Until recently, my experience with meditation was that time at the end of a fitness class in college when “meditate” was code for “doze for a few minutes before you get up and run to your next class.” I had heard about some of meditation’s benefits but never really tried it, so when asked to write about it, I said, “Thanks, but no thanks” on account of zero practical experience.
“Why don’t you try it for a week and then write about it?” came the reply.
In its basic definition, meditation is the practice of training the mind to be focused and calm. However, as even a simple Google search on the topic will tell you, there are a dizzying number of ways to do that. I felt overwhelmed by all the information about posture, breathing, different kinds of practices, and so on. Finally I decided that the best approach was the same one used for getting used to cold water—just jump in.
So I did. Each day for seven days I looked up a video or audio recording that guided me through some form of meditation that would help me in an area where I was struggling that day. I did several meditations from Self-Compassion.org, yoga for meditation, mindfulness and anxiety meditations, and tai chi, and I found that my mental focus was the best when I did some form of movement (yoga or tai chi) followed by some kind of audio.
As I went through the week, I gained a few insights on the practice of meditation:
1. Meditation is about practicing present awareness and exercising self-compassion along the way. I tend to be hard on myself in general, which extends to getting off track and distracted during meditation. Sometimes I feel like keeping hold of my focus and staying in the present is like trying to hold a wriggling fish in your bare hands—the tighter you hold on, the more it slips through your fingers. On Day 1 (and a couple days afterward) I lost the battle and dozed off. However, meditation is called a practice for a reason; being present and focused is a learning process. In several of the guided meditations I did, the audio talked about how if your mind wanders, you just bring it gently back to the point of focus. No shaming self-judgment—just acknowledging that you’re learning and moving forward. It was healthy for me to practice some intentional self-compassion.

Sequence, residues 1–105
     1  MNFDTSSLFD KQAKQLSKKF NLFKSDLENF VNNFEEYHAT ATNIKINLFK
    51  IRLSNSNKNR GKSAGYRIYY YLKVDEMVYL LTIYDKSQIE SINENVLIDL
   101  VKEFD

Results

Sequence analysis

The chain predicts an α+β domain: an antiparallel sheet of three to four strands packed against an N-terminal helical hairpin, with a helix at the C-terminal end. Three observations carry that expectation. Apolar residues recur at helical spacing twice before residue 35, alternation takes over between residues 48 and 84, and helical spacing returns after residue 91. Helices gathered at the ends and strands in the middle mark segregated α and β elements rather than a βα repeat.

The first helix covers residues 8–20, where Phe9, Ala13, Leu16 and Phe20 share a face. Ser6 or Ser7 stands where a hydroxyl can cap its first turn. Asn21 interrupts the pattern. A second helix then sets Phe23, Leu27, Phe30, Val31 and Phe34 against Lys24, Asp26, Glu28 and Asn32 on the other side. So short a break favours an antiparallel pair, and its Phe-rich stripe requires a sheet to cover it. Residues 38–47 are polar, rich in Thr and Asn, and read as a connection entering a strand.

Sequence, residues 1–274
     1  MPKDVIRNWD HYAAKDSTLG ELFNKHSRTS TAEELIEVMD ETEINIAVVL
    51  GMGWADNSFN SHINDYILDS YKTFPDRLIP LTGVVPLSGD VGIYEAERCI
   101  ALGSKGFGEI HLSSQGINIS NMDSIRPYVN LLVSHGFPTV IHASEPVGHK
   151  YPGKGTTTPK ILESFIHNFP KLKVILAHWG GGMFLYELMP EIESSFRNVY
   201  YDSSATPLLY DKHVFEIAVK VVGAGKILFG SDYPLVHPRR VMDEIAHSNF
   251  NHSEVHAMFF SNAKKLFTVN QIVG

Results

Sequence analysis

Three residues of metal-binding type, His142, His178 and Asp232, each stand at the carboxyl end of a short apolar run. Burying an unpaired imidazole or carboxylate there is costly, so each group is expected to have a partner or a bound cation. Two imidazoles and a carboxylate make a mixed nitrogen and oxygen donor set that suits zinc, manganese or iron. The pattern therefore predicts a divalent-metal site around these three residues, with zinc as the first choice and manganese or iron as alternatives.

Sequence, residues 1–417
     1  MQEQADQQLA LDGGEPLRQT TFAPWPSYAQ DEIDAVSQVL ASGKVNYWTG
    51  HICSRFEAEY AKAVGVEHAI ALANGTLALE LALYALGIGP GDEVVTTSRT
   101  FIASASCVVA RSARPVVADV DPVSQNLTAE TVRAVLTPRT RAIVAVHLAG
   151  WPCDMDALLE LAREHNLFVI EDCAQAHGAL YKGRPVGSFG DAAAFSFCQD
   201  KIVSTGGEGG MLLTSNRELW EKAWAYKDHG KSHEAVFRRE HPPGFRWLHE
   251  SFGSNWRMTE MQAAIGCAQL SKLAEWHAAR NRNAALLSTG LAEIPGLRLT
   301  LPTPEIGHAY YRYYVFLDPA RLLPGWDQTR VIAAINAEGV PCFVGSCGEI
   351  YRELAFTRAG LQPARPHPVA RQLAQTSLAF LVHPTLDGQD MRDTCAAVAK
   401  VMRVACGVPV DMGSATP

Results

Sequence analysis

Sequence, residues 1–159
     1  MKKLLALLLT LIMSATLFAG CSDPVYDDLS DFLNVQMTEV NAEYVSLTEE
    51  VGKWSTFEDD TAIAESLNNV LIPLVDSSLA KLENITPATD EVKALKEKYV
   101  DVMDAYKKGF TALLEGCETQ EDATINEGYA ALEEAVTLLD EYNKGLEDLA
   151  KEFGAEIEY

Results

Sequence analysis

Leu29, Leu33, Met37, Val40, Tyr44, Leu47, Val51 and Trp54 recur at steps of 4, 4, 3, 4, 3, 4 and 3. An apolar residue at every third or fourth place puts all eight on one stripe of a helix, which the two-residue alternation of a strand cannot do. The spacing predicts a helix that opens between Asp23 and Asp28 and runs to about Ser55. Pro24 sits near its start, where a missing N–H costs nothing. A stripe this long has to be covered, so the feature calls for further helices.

2. Meditation is about taking time for self-care. I struggle with this. Even though I just have me to take care of at this point in my life, I tend to disregard my own needs as less important than others. At one point a friend told me, “No one cares about your feelings except you!” What she meant was that I have to care for myself—my physical, spiritual, and emotional needs—because I am the one who is responsible for them. It’s not about putting my needs above everyone else’s, but honoring my needs as valid and my part in getting them met. Meditation helped me tune into myself physically and emotionally, and I could better see how to take care of myself and what help I needed from others.
3. Meditation is about setting the stage for truth to come—truth about ourselves, our lives, and our faith. By cultivating that present awareness in body and mind, tuning into myself physically and emotionally, I put myself in a state to receive truth. In several days over the course of the week I would start the meditation feeling agitated and by the end was able to get at the root of what was bothering me. Sometimes that truth was hard to face, but coming to terms with it was the way to move forward.
My meditation practice is still fledgling, but I’m grateful for what I learned over the course of the week and have incorporated aspects of meditation into my life since then. It has helped me focus at work and navigate stress in my personal life. Pausing for even a few moments to breathe and care for myself in high-emotion situations has made a world of difference for my overall wellbeing and peace of mind.
Ariel Szuch is a word nerd, writer, and compulsive reader who finds purpose in a life of faith.